Your scan shows spinal degeneration. Sounds bad… should you be worried?

Female Patient Undergoing Ct Scan In Hospital

While being told that might leave you feeling like you’re falling apart, your spine’s just showing signs of normal age-related change.

Degenerative changes happen over time. Granted, they’re not ones we’d fall over ourselves to have, but they also mightn’t be as bad as they sound.

Spinal degeneration is an umbrella term for a range of conditions, the most common being degenerative disc disease (which, despite the name, is not a disease), the development of osteophytes, and arthritis.

After age 40 most of us have some sort of spinal degeneration.

Degenerative disc disease (DDD)

Discs are like shock absorbers in the spine. When we’re young, they’re soft and jelly-like, but as we get older the jelly starts to dry out, and they get thinner and more fibrous.

Just when you thought the people who write imaging reports couldn’t be any less sensitive, they refer to this as ‘desiccation’. Sometimes, thanks to this desiccation, our discs develop tears or cracks.

Women are more likely to have it happen than men, maybe because of menopause, or because our vertebrae and discs are smaller to start with.

Anything that puts extra pressure on the spine, such as heavy repetitive work, might exacerbate it too.

Mostly DDD shows up in the neck (around C5 and C6) or in the lumbar area — i.e. the parts that carry the most load.

By the time we’re in our 60s, 70s and 80s, around 70 to 80 percent of us will have lost some disc height.

Osteophytes (or bone spurs)

This occurs when excess bone starts to grow around the spine. Again, it’s usually in the neck or lower back.

Osteophytes can occur in conjunction with arthritis, in response to pressure, or if the gap between two vertebra narrows because the disc has shrunk, the bones can start to join up.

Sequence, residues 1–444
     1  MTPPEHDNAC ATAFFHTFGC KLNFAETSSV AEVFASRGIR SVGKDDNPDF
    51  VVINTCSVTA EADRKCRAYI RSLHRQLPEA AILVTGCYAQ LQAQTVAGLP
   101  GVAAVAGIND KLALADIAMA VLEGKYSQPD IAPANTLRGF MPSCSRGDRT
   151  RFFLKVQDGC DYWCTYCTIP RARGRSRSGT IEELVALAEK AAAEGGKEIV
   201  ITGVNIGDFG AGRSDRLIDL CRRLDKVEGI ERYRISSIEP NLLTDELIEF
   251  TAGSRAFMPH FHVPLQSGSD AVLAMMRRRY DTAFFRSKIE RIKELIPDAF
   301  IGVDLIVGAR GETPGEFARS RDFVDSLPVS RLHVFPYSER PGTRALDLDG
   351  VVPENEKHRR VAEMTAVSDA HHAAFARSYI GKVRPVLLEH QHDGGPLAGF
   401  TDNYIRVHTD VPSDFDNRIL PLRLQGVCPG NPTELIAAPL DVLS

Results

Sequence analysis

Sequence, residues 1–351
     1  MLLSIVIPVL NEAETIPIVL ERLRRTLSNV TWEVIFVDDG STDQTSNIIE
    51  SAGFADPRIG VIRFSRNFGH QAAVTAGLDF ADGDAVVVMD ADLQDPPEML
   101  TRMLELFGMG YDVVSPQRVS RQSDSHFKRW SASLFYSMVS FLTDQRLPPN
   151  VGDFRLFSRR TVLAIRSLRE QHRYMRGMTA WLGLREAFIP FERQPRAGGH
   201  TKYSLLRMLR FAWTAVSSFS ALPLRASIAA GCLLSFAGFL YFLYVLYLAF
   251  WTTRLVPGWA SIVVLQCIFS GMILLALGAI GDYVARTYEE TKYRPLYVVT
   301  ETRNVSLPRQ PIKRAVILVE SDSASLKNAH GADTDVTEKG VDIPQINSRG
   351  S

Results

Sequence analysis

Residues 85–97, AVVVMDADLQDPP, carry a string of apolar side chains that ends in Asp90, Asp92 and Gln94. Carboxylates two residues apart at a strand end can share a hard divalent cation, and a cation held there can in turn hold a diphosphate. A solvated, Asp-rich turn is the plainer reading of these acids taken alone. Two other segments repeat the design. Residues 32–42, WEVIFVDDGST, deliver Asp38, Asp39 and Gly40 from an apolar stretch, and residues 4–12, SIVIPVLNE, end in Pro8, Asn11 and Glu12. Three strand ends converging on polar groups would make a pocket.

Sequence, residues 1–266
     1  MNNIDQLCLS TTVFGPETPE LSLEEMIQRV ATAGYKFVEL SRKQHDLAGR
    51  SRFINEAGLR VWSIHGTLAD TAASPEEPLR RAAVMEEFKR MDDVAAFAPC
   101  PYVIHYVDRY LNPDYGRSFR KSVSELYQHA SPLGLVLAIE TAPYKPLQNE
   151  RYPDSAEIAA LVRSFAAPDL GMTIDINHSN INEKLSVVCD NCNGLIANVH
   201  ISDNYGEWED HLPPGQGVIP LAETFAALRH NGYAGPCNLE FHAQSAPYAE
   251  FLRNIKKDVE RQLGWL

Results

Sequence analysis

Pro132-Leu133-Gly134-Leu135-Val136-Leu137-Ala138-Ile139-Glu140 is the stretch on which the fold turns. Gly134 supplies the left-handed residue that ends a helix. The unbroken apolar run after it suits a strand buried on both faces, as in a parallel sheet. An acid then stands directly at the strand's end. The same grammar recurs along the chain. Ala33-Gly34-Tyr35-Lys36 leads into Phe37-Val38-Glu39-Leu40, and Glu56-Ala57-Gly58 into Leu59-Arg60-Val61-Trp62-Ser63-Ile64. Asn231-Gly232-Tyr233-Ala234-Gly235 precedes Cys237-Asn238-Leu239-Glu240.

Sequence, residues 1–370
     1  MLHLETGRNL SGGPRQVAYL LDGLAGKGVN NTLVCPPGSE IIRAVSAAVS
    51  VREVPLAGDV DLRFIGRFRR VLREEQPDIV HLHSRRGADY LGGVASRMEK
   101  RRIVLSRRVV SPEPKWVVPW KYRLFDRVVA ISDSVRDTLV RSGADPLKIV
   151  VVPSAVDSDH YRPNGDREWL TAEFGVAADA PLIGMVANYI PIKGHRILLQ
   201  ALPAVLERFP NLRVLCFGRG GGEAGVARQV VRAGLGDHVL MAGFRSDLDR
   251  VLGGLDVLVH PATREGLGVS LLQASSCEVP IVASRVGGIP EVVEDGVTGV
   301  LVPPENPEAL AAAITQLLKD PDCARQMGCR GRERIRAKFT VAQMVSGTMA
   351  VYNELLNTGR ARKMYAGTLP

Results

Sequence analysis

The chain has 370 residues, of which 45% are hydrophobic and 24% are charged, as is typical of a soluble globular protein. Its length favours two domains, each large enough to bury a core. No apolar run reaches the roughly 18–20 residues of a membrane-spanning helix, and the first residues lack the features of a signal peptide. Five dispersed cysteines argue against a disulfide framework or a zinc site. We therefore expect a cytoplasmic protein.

If extra bone growth puts pressure on a nerve, we can experience tingling, numbness, weakness, or pain.

The other situation that can result in pressure against a nerve is a disc bulge or herniation — what we used to call a ‘slipped disc’.

This isn’t necessarily age-related. It can happen if, say, we try to lift something too heavy, or we lift badly and put excess strain through the spine, or if we’re carrying too much weight around the middle.

This causes the jelly-like centre to push out of the disc. It’s more common in people under 50 because when we’re older our discs are more, well, desiccated.


Again, arthritis most often shows up in the neck and lower back, and after about age 60, it’s common. Like arthritis anywhere else, it can make us stiff, creaky, and sore.

There are other spinal conditions, but these are the ones we mostly get to share in. Often, we’ll have them without knowing, and it’s only if they cause us grief that we need to act.

Notwithstanding that spinal degeneration has every one of us in its sights, there are things we can do to manage it. Top of the list is keeping mobile and having a strong back and abdominal area to stabilise the spine.

It also makes sense to avoid obesity, be mindful of good posture, and learn to lift and bend properly so we’re not putting additional stress on the vertebrae and discs.

Exercise is often the first line of treatment, but if that’s not sufficient, others can include steroid injections or surgery, for example to remove bony growth.

Finally, try not to be disheartened by the talk about degeneration. Those radiologists can be unkind. The best we can hope for is that they’ll describe our body bits as ‘unremarkable’.


Photo Source: Bigstock


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